Kiki & Lala

Sarah’s Key

Posted on: September 26, 2010

I bought several books during my trip. Even if bookstores in Manila have improved over the years, there’s nothing quite like book browsing in the States.

Here’s the book I was reading on the plane and finished the first few days I got home.

It’s about the roundup of French jews in Paris in the summer of 1942. The event is considered especially dark in French history because it was French policemen – not the Nazis – who rounded up their fellow citizens and sent them to camps in the French countryside before sending them to Auschwitz. Most of the victims were children – about four thousand of them. Very few people even knew about the roundup until Jacques Chirac talked about it in a speech a few years ago.

The book tells the stories of two fictional characters. The first is of Sarah – a 10 year old girl whose family is forced from their apartment in the middle of the night. In an effort to protect her beloved four year old brother, she locks him up in their secret hiding place and promises to return for him. The other story takes place 60 years later. American journalist in Paris, Julia Jarmond, is tasked with finding out as much as possible about what was called the Vel D’Hiv roundup. Her research unearths a painful family secret and alters her future forever.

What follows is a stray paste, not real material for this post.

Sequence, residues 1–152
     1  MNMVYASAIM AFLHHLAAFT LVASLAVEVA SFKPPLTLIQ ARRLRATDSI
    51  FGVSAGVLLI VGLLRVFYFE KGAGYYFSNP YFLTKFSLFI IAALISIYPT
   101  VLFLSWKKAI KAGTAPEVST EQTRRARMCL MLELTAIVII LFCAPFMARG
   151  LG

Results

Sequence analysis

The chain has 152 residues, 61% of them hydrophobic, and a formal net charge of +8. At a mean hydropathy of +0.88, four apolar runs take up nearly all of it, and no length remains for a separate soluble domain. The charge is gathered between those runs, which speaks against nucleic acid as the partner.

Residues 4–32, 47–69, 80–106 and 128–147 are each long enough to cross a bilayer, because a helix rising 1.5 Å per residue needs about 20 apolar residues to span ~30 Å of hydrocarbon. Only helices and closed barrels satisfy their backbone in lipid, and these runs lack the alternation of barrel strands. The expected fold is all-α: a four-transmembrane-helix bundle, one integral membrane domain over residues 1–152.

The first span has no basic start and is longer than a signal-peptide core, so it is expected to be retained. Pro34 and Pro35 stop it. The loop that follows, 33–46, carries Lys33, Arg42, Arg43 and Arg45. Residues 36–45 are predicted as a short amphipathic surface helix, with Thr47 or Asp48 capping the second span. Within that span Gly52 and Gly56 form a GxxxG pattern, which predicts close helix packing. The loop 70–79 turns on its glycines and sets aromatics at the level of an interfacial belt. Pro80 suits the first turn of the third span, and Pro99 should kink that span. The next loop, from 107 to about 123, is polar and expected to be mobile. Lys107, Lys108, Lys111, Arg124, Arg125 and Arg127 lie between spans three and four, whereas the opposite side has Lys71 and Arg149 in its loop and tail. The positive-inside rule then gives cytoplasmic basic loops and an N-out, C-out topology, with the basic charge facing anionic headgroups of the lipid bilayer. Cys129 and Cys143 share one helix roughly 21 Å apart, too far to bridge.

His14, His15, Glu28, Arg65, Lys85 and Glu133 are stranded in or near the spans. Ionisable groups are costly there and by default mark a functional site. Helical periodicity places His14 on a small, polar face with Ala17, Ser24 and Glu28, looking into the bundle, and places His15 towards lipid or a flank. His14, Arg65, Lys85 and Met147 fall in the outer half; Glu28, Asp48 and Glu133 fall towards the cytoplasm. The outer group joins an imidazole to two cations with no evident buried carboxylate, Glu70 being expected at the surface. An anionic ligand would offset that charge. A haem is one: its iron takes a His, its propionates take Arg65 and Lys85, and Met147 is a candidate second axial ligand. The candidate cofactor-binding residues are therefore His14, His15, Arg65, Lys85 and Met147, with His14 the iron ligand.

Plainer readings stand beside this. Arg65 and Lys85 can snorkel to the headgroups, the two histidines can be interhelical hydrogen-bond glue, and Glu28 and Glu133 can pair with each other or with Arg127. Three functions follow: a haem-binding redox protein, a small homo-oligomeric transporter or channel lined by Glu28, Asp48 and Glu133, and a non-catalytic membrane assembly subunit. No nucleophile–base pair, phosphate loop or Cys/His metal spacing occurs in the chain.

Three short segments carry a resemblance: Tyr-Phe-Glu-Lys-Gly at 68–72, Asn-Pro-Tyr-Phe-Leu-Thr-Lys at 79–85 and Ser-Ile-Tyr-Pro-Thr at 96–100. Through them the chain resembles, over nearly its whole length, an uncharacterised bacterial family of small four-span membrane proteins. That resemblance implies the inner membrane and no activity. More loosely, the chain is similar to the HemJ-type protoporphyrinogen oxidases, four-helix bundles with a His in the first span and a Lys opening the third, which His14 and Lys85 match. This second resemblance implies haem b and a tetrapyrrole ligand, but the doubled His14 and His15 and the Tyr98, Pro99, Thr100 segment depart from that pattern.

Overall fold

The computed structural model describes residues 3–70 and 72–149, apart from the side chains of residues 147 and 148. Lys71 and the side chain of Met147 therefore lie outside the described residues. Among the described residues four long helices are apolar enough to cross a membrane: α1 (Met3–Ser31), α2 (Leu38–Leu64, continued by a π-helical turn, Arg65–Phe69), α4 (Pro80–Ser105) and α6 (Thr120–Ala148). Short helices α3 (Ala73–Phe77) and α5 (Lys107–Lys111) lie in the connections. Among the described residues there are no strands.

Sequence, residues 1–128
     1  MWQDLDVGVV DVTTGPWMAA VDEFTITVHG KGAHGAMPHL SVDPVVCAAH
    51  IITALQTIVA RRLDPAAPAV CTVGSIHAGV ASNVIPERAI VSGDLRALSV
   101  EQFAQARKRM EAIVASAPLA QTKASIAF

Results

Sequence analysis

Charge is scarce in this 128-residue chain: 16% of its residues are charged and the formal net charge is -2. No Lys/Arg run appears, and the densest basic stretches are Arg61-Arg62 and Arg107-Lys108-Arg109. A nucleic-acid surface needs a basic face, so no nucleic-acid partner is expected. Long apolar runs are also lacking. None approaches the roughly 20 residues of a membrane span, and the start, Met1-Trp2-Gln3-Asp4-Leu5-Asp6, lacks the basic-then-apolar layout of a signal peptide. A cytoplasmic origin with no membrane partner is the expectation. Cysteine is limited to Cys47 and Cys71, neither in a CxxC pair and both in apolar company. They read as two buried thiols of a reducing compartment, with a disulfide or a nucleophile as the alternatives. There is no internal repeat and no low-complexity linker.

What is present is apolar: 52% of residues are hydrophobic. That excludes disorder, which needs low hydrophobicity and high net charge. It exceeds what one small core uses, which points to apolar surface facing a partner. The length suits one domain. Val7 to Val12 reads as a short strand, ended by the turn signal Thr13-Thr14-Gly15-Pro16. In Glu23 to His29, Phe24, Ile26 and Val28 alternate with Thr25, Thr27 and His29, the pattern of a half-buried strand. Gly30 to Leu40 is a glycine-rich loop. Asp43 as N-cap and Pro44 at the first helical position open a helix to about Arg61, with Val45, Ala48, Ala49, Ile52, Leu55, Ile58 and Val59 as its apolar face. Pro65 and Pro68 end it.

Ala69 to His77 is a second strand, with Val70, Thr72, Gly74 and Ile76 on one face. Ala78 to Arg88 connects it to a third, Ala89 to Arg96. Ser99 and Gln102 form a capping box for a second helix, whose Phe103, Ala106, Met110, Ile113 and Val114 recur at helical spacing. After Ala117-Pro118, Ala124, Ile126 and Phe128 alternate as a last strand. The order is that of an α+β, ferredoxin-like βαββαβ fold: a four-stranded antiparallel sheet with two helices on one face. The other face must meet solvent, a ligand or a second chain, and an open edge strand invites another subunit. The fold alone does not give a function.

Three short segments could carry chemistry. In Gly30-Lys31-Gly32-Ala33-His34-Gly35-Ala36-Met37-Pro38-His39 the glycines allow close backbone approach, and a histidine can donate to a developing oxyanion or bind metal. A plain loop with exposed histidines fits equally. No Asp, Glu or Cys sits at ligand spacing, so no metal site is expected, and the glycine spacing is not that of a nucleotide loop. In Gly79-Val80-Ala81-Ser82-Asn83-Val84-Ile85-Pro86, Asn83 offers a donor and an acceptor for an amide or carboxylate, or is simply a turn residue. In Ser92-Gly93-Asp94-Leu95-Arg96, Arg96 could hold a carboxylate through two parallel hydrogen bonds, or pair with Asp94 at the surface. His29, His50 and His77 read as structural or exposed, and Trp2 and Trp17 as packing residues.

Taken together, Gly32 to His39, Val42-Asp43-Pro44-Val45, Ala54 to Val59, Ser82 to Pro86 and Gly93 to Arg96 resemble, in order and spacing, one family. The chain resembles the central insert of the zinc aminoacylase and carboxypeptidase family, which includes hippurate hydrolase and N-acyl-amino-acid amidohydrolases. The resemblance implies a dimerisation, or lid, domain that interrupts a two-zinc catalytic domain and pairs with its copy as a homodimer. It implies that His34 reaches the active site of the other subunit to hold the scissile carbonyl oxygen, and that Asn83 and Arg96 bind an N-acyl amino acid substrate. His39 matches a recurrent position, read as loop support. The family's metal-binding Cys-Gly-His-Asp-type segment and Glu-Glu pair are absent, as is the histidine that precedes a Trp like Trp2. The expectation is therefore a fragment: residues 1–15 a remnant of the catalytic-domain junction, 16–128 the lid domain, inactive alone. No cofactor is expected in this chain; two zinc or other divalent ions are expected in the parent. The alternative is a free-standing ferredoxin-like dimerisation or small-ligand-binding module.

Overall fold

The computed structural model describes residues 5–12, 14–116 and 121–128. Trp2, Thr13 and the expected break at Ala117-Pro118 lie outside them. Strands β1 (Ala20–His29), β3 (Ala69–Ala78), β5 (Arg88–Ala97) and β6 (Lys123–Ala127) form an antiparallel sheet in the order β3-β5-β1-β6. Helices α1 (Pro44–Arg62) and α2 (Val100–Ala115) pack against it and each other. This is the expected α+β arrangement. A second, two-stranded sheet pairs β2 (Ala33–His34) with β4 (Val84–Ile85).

It’s not the best written prose I’ve read but the story unravels in a manner so engaging that the pages almost turn themselves.

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2 Responses to "Sarah’s Key"

Borrow? But wait will it keep me up at night? If so, I’ll wait for the movie…heehee

So Inglorious Basterds wasn’t all that fictitious after all. Remember the first scene when that young girl was hiding under the farm house of some french family?

Seriously, I guess these remain hidden because its just too painful to talk about, much more relive.

Sure – I can send it with my mom.
It won’t keep you up at night. It’s sad and tragic but there are little victories for both characters obviously.

Yeah – the French don’t like to talk about it because it exposes the ways in which they collaborated or at least accommodated the Nazis. Hay… war…

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